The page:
A new study has shown the possible environmental benefits of replacing animal products with plant-based foods. Researchers discovered that simply reducing meat and dairy consumption, high-income nations could cut their agricultural greenhouse gas emissions by about two-thirds.
The research, which was published in the journal Nature Food, looked at 54 high-income nations, including Australia, France, Germany, the United Kingdom, and the United States.
Researchers looked at how these countries’ carbon footprints may alter if their citizens followed the EAT-Lancet Commission’s “plant-forward” planetary health diet.
Whole grains, fruits, vegetables, nuts, unsaturated plant oils, and legumes, for example, make up the majority of an individual’s calories under these standards. Meat and dairy, on the other hand, take a second seat and are only suggested in modest amounts.
The authors of the study discovered that adopting this plant-focused approach might reduce agriculture emissions by 61 percent in high-income nations.
Dr. Sonja Vermeulen, the WWF’s chief global food scientist, was not involved in the research but spoke with Carbon Brief about the results.
“To put this in perspective… it’s about the same positive impact as all countries signing up to and implementing the COP26 declaration on the transition to 100 percent zero emission cars and vans globally by 2040,” said Vermeulen.
It’s not simply emissions that would vary as a result of dietary changes. According to studies, moving away from animal products may free up an area greater than the whole European Union.
And, if left to its own devices, this area would trap nearly 100 billion tons of carbon by the end of the century.
This is the equivalent of 14 years’ worth of global agricultural emissions since 2010.
“The term ‘food system transformation’ is perhaps often used too lightly – but there can be no doubt that the changes in these places would constitute total transformation of local economies, landscapes and cultures,” Vermeulen stated.
“Imagine the vast cattle ranches of the US and Australia replaced with equally vast rewilded or repurposed lands – would these be used for biomass and bioenergy, or conservation and biodiversity, and how would rural communities create new livelihoods for themselves?”
Dr. Matthew Hayek is an assistant professor at NYU’s College of Arts and Sciences’ Department of Environmental Studies. Hayek also discussed the study with Carbon Brief.
Those living in high-income neighborhoods, according to Hayek, who was not engaged in the study, have a responsibility to assist combat climate collapse.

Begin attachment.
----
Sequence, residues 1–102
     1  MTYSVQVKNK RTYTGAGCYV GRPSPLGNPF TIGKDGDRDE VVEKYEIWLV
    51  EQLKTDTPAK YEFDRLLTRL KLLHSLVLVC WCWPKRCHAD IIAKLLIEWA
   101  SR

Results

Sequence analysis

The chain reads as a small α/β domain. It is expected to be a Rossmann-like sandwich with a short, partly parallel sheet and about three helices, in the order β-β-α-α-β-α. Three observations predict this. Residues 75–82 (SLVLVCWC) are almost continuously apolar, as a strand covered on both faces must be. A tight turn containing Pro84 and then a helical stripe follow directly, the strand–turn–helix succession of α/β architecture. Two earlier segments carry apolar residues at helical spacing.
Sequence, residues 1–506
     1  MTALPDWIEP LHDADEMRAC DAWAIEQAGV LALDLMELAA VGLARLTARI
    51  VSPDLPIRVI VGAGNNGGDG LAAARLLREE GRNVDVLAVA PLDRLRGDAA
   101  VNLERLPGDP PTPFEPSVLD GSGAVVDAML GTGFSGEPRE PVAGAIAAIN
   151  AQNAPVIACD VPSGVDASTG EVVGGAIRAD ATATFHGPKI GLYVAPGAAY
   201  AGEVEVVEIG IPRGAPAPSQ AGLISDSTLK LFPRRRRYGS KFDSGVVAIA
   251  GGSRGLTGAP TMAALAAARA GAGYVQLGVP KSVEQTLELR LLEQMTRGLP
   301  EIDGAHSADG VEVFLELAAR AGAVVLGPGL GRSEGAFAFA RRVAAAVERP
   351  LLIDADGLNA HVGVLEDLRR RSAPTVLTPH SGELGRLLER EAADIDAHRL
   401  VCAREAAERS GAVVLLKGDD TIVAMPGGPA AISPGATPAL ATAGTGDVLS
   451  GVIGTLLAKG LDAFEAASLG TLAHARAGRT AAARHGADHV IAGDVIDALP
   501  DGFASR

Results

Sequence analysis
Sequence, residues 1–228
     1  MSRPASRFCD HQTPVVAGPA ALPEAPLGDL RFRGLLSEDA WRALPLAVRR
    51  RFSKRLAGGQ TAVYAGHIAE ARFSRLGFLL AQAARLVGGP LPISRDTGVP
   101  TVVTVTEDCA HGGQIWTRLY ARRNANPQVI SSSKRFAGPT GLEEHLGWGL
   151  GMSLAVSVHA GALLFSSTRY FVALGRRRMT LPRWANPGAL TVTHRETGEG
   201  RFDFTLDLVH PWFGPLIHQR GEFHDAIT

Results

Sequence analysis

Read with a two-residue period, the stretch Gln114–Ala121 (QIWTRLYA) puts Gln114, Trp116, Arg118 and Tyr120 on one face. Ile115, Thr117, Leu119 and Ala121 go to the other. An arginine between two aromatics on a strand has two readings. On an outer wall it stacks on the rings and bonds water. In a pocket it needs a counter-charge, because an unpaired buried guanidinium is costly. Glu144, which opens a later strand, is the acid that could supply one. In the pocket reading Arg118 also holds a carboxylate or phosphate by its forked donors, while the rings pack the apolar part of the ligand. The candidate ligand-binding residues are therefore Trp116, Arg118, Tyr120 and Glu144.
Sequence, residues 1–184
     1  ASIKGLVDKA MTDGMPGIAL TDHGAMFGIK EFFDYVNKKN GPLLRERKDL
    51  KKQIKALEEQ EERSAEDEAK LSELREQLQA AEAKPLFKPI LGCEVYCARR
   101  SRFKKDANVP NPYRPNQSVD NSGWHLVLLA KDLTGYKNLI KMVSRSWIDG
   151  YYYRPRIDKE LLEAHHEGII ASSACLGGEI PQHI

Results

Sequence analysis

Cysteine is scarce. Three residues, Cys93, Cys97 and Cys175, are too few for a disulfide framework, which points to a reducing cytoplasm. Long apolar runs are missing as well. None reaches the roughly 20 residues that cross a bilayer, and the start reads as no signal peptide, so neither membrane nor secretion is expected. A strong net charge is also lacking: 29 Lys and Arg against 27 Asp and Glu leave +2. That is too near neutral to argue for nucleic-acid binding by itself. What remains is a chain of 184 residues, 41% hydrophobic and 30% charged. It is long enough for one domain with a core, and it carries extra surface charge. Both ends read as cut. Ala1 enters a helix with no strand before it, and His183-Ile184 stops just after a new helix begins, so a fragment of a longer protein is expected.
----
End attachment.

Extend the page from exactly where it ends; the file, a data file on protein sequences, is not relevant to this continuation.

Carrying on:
“Folks in developed countries eat far more meat and dairy than the global average… Reducing emissions from food consumption in rich countries is critical. For consumers who have ample food choices, these choices play a sizable role in contributing to our climate goals,” Hayek stated.
“Our policies must reflect this by making healthy and sustainable food choices more prevalent, convenient, and inexpensive… Imagine if half of the public in richer regions cut half the animal products in their diets, you’re still talking about a massive opportunity in environmental outcomes and public health,” they added
Furthermore, such reforms might have a cascading effect, improving the environmental position of low- and middle-income nations. This isn’t even taking into account the fact that those groups’ eating habits haven’t changed.
According to the report, countries like Brazil and India would not need to export as much food if high-income countries reduced their meat consumption. This would reduce their own emissions while also freeing up area for carbon capture.
Meat and The Environment
The new study is far from the first to establish a relationship between animal husbandry and environmental impact.
A large research published in Nature Food in September indicated that meat production is responsible for 57% of global food-related emissions.
In a related line, independent studies found that meat eaters produce approximately two-thirds higher emissions than vegetarians.
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